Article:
Oral PDE4 inhibitors are considered an add-on therapy only for patients with COPD with chronic bronchitis and severe airflow restriction who experience COPD exacerbations despite use of a combination bronchodilator with inhaled corticosteroid.
Drugs for secondary pulmonary hypertension due to COPD are not advised.
Oxygen Not Recommended for Most COPD Patients in GOLD 2017
The 2017 GOLD guidelines generally advise against the routine practice of prescribing supplemental oxygen to stable COPD patients without severe resting hypoxemia. In a randomized trial in >700 stable COPD patients with moderate hypoxemia, supplemental oxygen did not improve clinical outcomes or quality of life during the followup period. The guidelines do suggest that
individual patient factors may be considered when evaluating a patient's need for supplemental oxygen.
COPD patients with severe resting hypoxemia (oxygen saturation ≤88% and certain other patients with COPD) should all receive supplemental oxygen to be worn continuously.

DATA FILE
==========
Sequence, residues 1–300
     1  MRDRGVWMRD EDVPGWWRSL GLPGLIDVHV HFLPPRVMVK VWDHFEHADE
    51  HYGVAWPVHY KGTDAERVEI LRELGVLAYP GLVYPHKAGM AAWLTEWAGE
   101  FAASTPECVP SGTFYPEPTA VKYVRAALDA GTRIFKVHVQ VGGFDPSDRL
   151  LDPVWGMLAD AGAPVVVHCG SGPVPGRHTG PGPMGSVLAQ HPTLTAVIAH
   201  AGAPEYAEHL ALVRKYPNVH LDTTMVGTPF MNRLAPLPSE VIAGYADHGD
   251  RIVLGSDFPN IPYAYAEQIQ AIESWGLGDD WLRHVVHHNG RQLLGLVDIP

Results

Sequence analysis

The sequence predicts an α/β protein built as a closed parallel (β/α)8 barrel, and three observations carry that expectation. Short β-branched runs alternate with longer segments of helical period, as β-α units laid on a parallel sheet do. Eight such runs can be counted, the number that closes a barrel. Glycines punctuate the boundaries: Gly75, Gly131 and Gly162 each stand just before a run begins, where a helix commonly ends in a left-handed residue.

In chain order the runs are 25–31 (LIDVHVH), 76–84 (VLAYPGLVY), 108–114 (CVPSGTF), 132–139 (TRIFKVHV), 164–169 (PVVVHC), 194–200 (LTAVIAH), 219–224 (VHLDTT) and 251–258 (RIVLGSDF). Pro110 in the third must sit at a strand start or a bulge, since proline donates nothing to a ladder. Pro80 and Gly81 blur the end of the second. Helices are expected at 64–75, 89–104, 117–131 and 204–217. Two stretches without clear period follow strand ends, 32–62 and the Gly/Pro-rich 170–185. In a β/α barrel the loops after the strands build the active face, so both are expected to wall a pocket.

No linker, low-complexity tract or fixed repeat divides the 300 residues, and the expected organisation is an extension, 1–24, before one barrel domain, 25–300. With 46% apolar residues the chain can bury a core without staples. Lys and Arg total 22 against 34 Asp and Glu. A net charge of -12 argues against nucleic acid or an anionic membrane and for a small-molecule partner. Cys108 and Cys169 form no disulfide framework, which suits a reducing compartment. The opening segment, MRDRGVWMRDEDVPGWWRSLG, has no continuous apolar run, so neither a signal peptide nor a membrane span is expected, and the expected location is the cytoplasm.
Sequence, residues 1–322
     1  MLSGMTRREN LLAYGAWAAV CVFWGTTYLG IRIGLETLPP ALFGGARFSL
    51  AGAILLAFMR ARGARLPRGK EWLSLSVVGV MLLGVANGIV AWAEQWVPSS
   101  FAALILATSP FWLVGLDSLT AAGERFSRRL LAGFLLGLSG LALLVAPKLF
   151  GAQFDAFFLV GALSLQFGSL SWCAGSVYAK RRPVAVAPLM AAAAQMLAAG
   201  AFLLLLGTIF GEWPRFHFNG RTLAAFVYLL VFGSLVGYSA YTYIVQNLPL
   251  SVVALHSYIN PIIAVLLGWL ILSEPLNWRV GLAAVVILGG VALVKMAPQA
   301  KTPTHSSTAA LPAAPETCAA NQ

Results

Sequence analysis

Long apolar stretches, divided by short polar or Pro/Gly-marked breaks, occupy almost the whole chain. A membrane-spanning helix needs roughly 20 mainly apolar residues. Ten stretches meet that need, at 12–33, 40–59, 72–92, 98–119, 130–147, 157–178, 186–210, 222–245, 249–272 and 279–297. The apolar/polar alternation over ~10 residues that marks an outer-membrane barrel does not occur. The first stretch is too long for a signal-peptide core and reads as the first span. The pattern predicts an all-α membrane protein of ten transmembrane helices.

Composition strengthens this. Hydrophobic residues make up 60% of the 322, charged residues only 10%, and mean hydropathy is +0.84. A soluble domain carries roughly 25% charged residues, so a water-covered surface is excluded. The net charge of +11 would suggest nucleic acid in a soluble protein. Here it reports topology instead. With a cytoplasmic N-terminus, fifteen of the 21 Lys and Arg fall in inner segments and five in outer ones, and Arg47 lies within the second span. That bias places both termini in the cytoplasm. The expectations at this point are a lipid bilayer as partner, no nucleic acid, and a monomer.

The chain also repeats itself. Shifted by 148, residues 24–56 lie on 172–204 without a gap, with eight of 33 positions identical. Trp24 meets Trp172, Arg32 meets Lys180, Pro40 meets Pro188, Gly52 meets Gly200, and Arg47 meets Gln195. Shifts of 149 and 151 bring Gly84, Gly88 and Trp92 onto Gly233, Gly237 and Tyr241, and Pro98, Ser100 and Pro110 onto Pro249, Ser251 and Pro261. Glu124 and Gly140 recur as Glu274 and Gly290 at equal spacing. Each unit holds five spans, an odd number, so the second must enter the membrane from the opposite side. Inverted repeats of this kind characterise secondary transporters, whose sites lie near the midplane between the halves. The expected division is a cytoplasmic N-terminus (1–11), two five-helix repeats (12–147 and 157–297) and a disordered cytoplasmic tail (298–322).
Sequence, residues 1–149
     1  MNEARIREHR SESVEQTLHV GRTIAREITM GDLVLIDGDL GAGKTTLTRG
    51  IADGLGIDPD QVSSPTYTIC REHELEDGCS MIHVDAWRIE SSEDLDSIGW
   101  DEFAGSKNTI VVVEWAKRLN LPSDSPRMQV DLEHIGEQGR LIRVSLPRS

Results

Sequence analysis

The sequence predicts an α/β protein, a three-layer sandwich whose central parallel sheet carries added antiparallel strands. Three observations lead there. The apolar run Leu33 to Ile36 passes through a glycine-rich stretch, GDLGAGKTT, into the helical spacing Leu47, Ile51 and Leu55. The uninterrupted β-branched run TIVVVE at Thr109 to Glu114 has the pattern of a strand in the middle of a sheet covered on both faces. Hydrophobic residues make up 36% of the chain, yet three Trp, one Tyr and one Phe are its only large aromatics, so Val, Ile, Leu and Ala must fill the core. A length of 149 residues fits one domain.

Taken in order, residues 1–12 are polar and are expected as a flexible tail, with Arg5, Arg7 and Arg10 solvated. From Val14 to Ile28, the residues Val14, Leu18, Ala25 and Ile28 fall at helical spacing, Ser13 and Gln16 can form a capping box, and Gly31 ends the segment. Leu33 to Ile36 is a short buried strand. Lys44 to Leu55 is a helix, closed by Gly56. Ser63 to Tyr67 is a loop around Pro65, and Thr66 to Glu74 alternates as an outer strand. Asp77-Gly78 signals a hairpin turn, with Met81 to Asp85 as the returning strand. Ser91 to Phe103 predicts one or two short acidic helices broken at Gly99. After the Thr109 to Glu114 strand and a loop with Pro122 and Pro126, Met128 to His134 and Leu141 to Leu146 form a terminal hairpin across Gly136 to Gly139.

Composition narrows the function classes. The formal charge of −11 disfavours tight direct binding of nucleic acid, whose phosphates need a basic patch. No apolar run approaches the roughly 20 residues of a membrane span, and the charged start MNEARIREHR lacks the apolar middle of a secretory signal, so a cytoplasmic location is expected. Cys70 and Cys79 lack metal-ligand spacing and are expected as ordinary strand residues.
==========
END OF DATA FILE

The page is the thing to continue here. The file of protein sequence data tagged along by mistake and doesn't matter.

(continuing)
The ABCDs of COPD Treatment in 2017 GOLD Guidelines
The 2017 GOLD guidelines go further in advising physicians exactly what class of medication to use, in which COPD patients according to where they fall in the ABCD grading scheme:
COPD GOLD Grade A: Any bronchodilator (short or long acting), titrating or switching to another as appropriate.
COPD GOLD Grade B: A long acting bronchodilator (LAMA or LABA), and both if symptoms persist on one drug.
COPD GOLD Grade C: A long acting muscarinic antagonist (LAMA), switching to LAMA+LABA or to LABA+ICS if further exacerbations occur.
Inhaler technique should be demonstrated for all patients and technique confirmed before concluding a medication is not working.
Non-Pharmacologic Treatment of COPD: GOLD 2017
The 2017 GOLD guidelines weigh in on numerous other aspects of the medical management of COPD:
Pulmonary rehabilitation (recommended for patients with severe symptoms or frequent exacerbations)
Exercise (for all patients)
Vaccination against influenza (all COPD patients) and pneumococcus (all COPD patients older than 65 or with other cardiopulmonary disease)